It is a common practice in the restaurant and hospitality industry for employees who serve customers to pool and share their tips. In fact, employers can require, as a condition of employment, that employees whose work involves serving customers participate in a shared tip pool.The employer also has the right to determine how the tip money that is collected is divided among tip-eligible employees sharing in the tip pool.
Employers in New York have the right to pay their tipped workers less than the standard minimum wage, taking a “tip credit” toward the otherwise applicable minimum wage, provided that they comply with a number of legal requirements, including a requirement that they notify employees of their policy of applying a tip credit toward its minimum wage obligations. If an employer improperly gives itself a tip credit without providing the required notice and explanation to its employees, or without complying with other legal requirements, its payment of less than the standard minimum wage is illegal and its employees can recover underpaid wages, plus liquidated damages, from them.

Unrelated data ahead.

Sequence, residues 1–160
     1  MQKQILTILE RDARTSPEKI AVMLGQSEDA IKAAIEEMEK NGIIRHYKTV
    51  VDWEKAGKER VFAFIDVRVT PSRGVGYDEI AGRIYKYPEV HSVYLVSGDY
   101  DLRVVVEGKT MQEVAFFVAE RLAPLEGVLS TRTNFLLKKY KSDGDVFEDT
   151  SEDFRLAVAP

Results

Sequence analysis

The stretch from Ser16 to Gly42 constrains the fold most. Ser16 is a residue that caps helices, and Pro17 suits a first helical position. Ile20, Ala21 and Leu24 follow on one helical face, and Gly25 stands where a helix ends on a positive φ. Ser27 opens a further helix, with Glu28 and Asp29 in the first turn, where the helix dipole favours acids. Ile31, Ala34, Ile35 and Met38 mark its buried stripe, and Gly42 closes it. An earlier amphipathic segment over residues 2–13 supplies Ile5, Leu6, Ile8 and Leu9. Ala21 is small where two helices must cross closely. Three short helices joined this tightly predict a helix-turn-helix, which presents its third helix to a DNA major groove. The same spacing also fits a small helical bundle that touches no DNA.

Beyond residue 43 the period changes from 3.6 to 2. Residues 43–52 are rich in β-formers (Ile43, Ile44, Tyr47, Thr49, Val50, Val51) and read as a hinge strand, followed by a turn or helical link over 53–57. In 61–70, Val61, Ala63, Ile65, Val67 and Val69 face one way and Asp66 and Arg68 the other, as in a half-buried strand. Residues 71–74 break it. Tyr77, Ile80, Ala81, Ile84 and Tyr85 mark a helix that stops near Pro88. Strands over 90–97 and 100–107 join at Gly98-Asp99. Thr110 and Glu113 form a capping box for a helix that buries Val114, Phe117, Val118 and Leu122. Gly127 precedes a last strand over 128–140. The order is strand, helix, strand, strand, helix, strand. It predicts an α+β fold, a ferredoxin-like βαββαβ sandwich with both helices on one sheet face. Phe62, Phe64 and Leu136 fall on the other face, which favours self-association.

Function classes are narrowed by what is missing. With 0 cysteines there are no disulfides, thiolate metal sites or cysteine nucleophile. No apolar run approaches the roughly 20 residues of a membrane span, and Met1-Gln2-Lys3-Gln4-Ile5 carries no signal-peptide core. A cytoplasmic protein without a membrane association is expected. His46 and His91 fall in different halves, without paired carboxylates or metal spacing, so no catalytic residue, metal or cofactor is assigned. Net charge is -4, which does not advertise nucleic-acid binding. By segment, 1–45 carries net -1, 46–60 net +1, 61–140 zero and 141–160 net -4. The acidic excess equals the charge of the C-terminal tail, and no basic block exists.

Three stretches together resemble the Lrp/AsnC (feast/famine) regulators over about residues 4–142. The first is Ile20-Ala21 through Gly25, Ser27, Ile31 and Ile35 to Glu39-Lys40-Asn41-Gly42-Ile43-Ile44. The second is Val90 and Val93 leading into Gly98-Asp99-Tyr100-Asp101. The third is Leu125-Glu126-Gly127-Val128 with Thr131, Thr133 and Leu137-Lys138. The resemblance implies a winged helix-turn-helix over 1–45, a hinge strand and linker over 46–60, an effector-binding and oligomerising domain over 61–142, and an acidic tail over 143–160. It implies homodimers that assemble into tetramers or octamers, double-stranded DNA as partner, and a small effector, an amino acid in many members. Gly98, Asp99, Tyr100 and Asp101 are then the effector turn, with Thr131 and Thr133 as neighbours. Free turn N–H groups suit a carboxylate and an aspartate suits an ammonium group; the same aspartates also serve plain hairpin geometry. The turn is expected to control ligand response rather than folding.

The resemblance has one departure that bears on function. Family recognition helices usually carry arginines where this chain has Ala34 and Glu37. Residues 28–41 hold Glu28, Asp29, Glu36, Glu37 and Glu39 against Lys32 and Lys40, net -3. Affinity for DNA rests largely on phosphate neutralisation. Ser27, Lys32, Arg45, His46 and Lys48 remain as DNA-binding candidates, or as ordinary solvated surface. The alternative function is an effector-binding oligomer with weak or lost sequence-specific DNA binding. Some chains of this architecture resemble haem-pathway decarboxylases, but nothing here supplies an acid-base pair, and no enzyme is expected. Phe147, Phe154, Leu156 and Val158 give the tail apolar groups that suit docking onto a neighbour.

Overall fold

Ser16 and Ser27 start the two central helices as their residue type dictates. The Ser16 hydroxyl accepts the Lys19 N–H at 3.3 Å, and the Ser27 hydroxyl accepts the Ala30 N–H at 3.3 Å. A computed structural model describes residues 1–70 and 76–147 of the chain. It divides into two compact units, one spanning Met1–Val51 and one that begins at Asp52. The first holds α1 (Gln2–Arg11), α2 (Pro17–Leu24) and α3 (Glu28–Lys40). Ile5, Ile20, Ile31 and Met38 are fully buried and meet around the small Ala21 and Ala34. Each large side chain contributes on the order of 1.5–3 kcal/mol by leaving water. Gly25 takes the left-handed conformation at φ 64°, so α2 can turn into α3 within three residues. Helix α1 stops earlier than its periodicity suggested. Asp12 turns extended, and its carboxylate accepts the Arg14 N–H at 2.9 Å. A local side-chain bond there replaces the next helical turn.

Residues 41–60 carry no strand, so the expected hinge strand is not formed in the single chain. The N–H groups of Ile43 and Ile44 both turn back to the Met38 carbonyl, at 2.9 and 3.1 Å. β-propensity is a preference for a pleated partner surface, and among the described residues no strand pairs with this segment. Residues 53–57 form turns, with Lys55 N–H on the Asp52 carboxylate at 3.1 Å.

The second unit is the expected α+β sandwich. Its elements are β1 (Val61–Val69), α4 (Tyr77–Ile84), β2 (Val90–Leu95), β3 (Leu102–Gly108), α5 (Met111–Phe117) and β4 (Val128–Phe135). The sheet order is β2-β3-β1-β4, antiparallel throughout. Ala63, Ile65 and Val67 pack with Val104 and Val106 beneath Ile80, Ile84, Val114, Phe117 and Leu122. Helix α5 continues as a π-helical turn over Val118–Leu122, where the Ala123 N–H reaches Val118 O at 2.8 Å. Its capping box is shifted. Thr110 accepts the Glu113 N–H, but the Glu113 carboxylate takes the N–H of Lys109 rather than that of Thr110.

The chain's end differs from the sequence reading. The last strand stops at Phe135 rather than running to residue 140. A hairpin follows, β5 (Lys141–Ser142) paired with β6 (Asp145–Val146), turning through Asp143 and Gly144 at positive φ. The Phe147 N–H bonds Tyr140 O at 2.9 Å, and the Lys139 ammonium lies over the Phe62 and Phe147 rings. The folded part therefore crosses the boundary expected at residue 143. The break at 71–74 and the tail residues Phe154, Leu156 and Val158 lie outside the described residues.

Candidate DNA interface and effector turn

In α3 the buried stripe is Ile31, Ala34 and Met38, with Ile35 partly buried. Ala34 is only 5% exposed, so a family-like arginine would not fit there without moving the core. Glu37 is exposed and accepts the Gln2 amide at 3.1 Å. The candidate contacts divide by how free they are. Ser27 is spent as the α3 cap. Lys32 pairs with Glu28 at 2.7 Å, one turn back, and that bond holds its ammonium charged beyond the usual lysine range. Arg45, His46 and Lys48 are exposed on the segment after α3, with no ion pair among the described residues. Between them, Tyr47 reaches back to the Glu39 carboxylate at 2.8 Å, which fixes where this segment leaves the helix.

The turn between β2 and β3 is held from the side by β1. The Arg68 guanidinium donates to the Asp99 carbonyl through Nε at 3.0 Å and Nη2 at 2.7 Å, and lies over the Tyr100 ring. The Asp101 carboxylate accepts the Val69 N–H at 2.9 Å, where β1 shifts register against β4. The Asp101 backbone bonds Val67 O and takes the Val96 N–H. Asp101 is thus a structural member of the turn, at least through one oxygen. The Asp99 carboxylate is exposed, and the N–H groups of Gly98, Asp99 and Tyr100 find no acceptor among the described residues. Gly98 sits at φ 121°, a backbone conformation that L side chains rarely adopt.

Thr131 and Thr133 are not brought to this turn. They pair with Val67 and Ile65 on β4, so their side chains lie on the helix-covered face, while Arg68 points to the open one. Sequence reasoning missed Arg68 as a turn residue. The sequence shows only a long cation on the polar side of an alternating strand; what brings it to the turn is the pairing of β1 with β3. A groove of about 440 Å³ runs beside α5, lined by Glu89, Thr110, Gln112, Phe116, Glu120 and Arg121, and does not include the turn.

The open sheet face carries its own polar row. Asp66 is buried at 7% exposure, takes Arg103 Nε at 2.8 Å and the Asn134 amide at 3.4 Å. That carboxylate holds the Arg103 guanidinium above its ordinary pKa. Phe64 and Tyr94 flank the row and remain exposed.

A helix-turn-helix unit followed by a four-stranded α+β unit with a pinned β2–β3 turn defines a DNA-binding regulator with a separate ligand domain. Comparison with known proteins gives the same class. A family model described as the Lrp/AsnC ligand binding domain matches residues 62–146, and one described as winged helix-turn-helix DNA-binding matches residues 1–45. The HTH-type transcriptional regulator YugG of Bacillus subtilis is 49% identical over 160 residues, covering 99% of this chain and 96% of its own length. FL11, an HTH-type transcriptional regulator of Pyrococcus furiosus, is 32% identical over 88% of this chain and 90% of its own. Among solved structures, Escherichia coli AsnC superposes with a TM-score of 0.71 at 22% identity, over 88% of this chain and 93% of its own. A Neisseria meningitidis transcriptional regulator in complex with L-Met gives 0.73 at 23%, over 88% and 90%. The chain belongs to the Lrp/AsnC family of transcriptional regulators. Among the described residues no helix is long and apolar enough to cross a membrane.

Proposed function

Tip Pooling Violations in New York
The law limits which workers are permitted to participate in a tip pool. Only employees whose work is personally serving customers can receive a share of the tips that are collected. In a restaurant or similar foodservice setting, tip-eligible employees typically include servers, bus persons, runners, and bartenders. Other employees, such as hosts and hostesses or, depending on the circumstances, captains, may also be eligible to participate in a tip pool.
Because they do not provide direct customer service, kitchen staff, such as cooks and dishwashers, are not eligible to participate in a tip pool, and tipped employees cannot be required to share their tips with them. Nor may managers receive money from the tip pool, even if their duties include occasionally serving customers.
If an employer requires or allows ineligible employees, such as managers or kitchen workers, to share in pooled tip money, it loses the right to take a tip credit towards the minimum wage and is required to pay the full minimum wage to all of its employees, including traditionally tipped employees like waiters and waitresses, and can be held liable for the tips it stole, minimum wage under-payments and, in most cases, liquidated damages (which results in a doubling of the amount of underpaid or stolen wages owed).
If you work in New York in a tipped occupation and believe your employer is stealing your tips or forcing you to share tips with ineligible employees, you should speak to our experienced New York employment lawyers to discuss your legal rights and options. Contact us through our website for a free consultation or call us at: